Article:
Artificial reefs are dangerous and only distract from the natural marine environment.
I’ve spent the better part of 40 years here in the Florida Keys, ran charters for five dive shops in the ’80s, and know there are some great reefs and genuine wrecks — including Spanish galleons — in these waters. So why exactly do we need to introduce more wrecks? Why not just spend more money and effort protecting the resources we have? I understand the competition for tourist dollars is getting fierce, and the plan in the Keys is to introduce several “pretend wrecks” so the tourist dollars will be spread throughout. But there are a few things that really bother me about sinking artificial reefs.
For starters, I have a problem with the simple act of calling them shipwrecks. Subway cars? Worn-out car tires? Broken-down cars? I’ve been diving real shipwrecks, hundreds of them, for 39 years. And yet at the trade shows every year, I watch the little TV sets and see the ships explode and sink. “Oooh, aaaah.” (What’s maddening is the video is always set to Gordon Lightfoot’s The Wreck of the Edmund Fitzgerald. I’ve seen so many of these sinking videos that in my dreams this song plays like Muzak in the background.) Some of them sink as planned, and some do not. More important, it’s expensive to sink these ships. Are my taxpayer dollars going to this? And in the end, do the tourist dollars make up for it?
There’s also the environmental aspect. I know they clean the soon-to-be-sunk ships well, but how well? Ignore for the fact that purposely sinking an entire ship is essentially dumping unwanted “trash” into the underwater world (regardless of whether we think it will serve a purpose in its second life), don’t purposely sunk ships disintegrate, releasing bits of metal and other stuff that isn’t natural to the environment? If I’m caught contributing any pollution going into the water the penalty is severe. Heck, they might even get me for kicking up dust with my prop. And yet in the case of purposely sunk wrecks and concrete reef balls, we’re doing it willingly. Don’t even get me started on the thousands of tires that were sunk off Fort Lauderdale in 1972 (and again in 1986 off the New Jersey coast). That turned into an ecological disaster of epic proportions. Nothing grew on the tires, some “bundles” broke loose and pulverized everything in their path and, in a touch of irony, other tires wedged against healthy reefs and impeded coral growth. The cleanup, once again, cost money.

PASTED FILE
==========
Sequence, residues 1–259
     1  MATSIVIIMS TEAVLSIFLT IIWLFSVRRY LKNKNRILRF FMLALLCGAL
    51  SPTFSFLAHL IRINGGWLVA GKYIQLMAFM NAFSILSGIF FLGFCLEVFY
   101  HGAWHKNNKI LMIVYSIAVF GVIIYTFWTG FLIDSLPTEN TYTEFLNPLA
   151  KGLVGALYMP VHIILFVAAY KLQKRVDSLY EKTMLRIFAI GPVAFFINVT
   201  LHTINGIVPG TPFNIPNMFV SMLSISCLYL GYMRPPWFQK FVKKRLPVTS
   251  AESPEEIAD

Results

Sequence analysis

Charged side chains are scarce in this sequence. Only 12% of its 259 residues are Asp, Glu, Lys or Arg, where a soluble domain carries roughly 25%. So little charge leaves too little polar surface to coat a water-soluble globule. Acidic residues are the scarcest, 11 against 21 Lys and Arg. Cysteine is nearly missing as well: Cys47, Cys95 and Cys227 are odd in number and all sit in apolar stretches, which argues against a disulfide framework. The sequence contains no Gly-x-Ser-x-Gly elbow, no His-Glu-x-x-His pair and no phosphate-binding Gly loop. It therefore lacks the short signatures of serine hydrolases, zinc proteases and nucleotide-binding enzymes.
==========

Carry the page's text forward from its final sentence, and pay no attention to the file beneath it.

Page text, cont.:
I also have a problem with the safety of these wrecks. There have been fatal accidents on some of these artificial reefs. Don’t believe me? Google “artificial wrecks + deaths.” The safety people weld up hatches, trying to make sure they are as safe as can be, but there have been some incidents where I wonder if they welded up enough of them.
The bottom line is that I fail to see how the potential benefits in the attraction of more tourism dollars can outweigh the possible negative effects on the environment and the safety of the very dive tourists we’re hoping to appeal to. The environment should come first. After all, if we maintain the natural balance of things in an overcrowded world, won’t that attract the divers as well?